Rudolf Franz Flesch (Vienna, 8 May 1911 – New York, 5 October 1986) was an Austrian-born naturalised American author (noted for his book Why Johnny Can't Read), and also a readability expert and writing consultant who was a vigorous proponent of plain English in the United States. He created the Flesch Reading Ease test and was co-creator of the Flesch-Kincaid readability test. Flesch advocated use of phonics rather than sight reading to enable students to sound-out unfamiliar words.
Flesch was an Austrian born in Vienna. He earned a doctorate in law from the University of Vienna in 1933. He fled to the United States to avoid the imminent Nazi invasion and antisemitism. In the United States, Flesch became a graduate student at Columbia University, where he earned a Ph.D in Library Science. He also met Elizabeth Terpenning, whom he married. They had six children, five daughters and one son. Flesch lived for most of his life with his wife and children in Dobbs Ferry, New York, a village in southern Westchester county.
Not long after finishing his graduate degree, in 1955 he published what became his most famous book, Why Johnny Can't Read: And What You Can Do about It. The book was a critique of the then-trendy practice of teaching reading by sight, often called the "look-say" method. The flaw of this method, according to Flesch, was that it required brute force memorization with no theory behind it so that when confronted with an unknown word, the learner became confused. As a solution, Flesch advocated a revival of the phonics method, the teaching of reading by teaching learners to sound out words using rules. The book inspired Dr. Seuss to write The Cat in the Hat (1957).
Flesch flourished as a writing teacher, plain-English consultant, and author. He published many books on the subject of clear, effective communication: How to Test Readability (1951), How to Write Better (1951), The Art of Plain Talk (1946), The Art of Readable Writing (1949), The ABC of Style: A Guide to Plain English (1964), and Rudolf Flesch on Business Communications: How to Say What You Mean in Plain English (1972).
Flesch produced three other books of note:
In The Art of Clear Thinking (1951), Flesch consolidated research data and findings in psychology and education, showing people how they can apply those ideas to their lives. "It would be impudent to tell intelligent, grown up people how to think," he wrote in this book's introduction. "All I have tried to do here is to assemble certain known facts about the human mind and put them in plain English."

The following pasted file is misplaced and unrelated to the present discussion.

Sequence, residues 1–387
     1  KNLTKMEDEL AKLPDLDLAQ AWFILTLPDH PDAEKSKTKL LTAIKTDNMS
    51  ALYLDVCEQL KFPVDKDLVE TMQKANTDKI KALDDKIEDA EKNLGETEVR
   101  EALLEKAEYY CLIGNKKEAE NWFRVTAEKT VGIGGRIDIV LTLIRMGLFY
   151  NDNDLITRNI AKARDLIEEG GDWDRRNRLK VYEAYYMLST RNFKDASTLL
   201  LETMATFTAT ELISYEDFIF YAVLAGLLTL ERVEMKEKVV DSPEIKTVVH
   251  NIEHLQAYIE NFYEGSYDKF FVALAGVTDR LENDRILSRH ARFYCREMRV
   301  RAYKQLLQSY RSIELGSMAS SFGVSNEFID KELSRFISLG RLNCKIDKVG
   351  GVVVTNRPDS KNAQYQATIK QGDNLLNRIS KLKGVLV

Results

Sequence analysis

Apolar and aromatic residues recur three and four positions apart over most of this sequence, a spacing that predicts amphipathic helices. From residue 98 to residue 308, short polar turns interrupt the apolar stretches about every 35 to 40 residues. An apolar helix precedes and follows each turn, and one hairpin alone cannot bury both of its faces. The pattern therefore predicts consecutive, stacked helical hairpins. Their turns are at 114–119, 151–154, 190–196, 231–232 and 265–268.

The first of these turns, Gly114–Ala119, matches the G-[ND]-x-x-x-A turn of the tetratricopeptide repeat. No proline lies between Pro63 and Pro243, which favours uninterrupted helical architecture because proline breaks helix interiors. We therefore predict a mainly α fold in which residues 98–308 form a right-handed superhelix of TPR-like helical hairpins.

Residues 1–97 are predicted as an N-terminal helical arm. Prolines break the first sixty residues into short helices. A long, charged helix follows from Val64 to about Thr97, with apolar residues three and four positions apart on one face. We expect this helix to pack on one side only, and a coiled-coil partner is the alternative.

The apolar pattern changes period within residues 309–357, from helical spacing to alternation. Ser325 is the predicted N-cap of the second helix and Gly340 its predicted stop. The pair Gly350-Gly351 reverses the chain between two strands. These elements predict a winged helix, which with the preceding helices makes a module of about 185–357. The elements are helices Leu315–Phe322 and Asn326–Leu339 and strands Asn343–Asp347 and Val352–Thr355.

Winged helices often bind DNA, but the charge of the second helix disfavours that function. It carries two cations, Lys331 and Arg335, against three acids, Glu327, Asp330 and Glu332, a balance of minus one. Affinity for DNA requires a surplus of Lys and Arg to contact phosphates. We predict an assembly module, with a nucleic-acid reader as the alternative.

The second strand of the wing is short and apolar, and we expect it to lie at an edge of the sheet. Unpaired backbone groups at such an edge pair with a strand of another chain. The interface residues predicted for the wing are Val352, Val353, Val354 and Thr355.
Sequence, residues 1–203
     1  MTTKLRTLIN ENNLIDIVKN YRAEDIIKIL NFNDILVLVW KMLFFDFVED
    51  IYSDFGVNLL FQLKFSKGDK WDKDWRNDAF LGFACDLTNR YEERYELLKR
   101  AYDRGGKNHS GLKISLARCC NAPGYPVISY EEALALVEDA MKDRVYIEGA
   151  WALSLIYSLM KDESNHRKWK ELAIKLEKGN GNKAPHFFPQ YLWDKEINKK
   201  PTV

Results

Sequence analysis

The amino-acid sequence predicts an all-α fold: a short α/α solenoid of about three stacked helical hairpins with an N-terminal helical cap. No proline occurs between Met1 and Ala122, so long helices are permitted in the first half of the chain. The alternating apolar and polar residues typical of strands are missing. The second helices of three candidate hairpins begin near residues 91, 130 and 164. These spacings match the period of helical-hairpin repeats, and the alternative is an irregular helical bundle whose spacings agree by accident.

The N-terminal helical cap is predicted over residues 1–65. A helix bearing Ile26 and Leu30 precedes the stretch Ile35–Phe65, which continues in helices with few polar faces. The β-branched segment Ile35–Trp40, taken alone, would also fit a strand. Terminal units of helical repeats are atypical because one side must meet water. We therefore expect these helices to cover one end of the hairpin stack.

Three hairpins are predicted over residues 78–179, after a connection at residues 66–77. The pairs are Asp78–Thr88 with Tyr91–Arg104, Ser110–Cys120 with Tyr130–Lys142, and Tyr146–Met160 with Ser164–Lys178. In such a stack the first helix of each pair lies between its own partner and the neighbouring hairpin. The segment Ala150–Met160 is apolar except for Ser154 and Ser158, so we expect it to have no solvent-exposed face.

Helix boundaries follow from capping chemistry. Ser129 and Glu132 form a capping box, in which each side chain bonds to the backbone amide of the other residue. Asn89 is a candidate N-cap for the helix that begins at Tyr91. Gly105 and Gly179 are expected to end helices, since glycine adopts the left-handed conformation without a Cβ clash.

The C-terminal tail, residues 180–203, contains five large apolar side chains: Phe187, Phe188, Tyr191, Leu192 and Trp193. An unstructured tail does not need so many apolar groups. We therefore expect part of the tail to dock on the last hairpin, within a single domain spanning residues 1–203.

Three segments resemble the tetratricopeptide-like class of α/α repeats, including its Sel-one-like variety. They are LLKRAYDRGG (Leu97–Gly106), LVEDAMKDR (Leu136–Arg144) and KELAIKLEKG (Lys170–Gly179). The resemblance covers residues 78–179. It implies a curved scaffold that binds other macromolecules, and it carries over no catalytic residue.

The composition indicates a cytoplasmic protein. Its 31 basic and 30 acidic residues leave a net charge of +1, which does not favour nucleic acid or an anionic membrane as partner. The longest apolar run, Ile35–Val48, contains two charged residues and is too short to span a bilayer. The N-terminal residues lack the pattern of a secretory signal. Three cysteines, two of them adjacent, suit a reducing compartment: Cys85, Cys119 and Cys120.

In Lite English: Popular Words That Are OK to Use No Matter What William Safire, John Simon, Edwin Newman, and the Other Purists Say! (1983), Flesch advocated the use of many colloquial and informal words.
In How to Write Plain English: A Book for Lawyers and Consumers (1979), which he produced while working as a communication and writing consultant to the Federal Trade Commission, Flesch wrote a "how-to" guide for writing rules and regulations, with a preface by then FTC Chairman Michael Pertschuk.
Flesch also developed two evaluations of the reading level of written texts, now known as the Flesch–Kincaid readability tests.
- The Art of Plain Talk - 1946
- The Art of Readable Writing - 1949
- How to Write Better - 1951
- The Art of Clear Thinking - 1951
- How to Test Readability - 1951
- Why Johnny Can't Read—And What You Can Do About It - 1955
- How to Write, Speak and Think More Effectively: Your Complete Course in the Art of Communication – 1960
- How to be Brief: An Index to Simple Writing - 1962
- The ABC of Style: A guide to Plain English - 1964
- Rudolf Flesch on Business Communications: How to Say What You Mean in Plain English - 1972
- How to Write Plain English: A Book for Lawyers and Consumers - 1979
- Lite English: Popular Words That Are OK to Use No Matter What William Safire, John Simon, Edwin Newman, and the Other Purists Say! - 1983
- Why Johnny Still Can't Read—A New Look at the Scandal of our Schools - 1981
- "Why Johnny Can't Read - 1950's Education", Enotes.com, 2010, web: EN-Why.